1.11 Possible issues
One of the reservations regarding Twitter, and other forms of online community tools, is the possibility of an echo chamber, which is the antithesis of what is desired for interdisciplinarity. As the amount of information available increases, there is an argument that it becomes more difficult to hear distinct and different voices. This occurs for two reasons: first, there is so much information arising from your immediate area of interest that it becomes difficult to keep up with this; second, it is now possible to find a group of like-minded people whatever your interests or tastes, so it is more emotionally ‘comfortable’ to spend time with these rather than with different voices. In a physical setting bounded by geographical constraints, one is more likely to be with a diverse group of people, but online the pool of people is larger so the grouping is more likely to be around interests and tastes than convenience or location. This is beneficial for many things; working with like-minded people often leads to quick development, but for interdisciplinarity it may create new types of boundaries. One can create a distorted view of what is a general consensus because dissenting voices are not heard. Of course, this is equally true (if not more so) with controlled media who will reflect certain positions.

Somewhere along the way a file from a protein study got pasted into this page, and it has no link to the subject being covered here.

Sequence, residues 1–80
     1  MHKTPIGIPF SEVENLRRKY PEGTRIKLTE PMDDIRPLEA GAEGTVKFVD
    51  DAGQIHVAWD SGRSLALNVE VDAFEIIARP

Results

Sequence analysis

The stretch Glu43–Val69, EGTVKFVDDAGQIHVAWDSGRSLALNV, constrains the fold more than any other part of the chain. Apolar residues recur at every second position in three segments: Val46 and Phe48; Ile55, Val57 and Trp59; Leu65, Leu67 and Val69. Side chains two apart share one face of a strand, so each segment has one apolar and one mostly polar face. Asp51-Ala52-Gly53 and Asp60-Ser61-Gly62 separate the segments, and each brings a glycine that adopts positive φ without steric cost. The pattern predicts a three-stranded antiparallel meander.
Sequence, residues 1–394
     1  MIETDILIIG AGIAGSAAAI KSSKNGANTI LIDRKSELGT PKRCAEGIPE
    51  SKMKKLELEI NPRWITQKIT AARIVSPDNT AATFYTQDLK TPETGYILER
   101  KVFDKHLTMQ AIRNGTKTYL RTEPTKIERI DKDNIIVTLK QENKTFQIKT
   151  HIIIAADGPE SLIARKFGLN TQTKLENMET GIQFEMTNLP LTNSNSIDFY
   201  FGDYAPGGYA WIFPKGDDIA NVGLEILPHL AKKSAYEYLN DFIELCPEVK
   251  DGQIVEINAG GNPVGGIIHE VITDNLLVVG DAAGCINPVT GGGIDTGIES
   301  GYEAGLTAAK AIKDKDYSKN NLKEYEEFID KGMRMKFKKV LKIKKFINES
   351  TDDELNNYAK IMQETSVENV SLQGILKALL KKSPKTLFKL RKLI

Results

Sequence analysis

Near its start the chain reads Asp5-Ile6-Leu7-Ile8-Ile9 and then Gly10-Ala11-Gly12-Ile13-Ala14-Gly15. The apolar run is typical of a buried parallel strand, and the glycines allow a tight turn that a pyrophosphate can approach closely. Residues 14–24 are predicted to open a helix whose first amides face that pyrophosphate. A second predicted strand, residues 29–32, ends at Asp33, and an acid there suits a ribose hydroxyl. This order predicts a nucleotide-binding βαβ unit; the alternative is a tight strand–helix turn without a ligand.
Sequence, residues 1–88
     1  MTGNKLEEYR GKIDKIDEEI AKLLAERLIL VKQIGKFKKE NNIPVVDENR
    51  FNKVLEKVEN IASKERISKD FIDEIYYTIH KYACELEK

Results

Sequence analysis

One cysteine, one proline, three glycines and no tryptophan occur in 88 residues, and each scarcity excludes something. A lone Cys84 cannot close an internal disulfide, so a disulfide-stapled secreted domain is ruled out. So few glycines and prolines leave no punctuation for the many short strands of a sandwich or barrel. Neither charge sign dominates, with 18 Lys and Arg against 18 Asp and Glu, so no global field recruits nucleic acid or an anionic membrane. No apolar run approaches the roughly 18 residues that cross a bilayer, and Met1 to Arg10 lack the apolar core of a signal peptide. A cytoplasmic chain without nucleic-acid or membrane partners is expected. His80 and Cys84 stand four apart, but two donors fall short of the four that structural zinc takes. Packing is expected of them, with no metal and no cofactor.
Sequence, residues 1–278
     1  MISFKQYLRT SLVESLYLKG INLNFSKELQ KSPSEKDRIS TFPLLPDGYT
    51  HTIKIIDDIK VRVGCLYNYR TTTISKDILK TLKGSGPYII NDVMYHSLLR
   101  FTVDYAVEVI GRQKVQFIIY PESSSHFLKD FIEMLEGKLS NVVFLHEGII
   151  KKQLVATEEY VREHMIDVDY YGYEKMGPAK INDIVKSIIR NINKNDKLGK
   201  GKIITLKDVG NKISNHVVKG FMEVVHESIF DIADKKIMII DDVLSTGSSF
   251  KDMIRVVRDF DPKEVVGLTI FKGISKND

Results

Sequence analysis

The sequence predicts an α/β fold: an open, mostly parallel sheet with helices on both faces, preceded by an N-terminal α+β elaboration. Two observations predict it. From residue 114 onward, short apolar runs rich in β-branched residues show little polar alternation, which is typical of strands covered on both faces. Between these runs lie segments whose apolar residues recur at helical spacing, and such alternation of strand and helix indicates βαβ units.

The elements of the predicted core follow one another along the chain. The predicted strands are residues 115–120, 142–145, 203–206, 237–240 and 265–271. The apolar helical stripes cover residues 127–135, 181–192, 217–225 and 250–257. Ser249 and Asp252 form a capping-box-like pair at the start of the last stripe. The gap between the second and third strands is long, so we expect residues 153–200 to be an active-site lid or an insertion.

The solution to the potential for the echo chamber to arise is to cultivate networks with a reasonable level of diversity and follow people who share diverse resources. It is not necessary to go to extremes in this for interdisciplinarity to be fostered but simply to ensure that there are some people who are in other disciplines and those who are in roles that cross boundaries.
The list above shows a number of benefits in developing a networked approach to interdisciplinarity, which may address the issues which have plagued it for many years. Indeed if researchers had intentionally set out to create a tool for promoting interdisciplinary discourse, then the resultant service may have not looked dissimilar to Twitter.
The extract from The Digital Scholar ends here.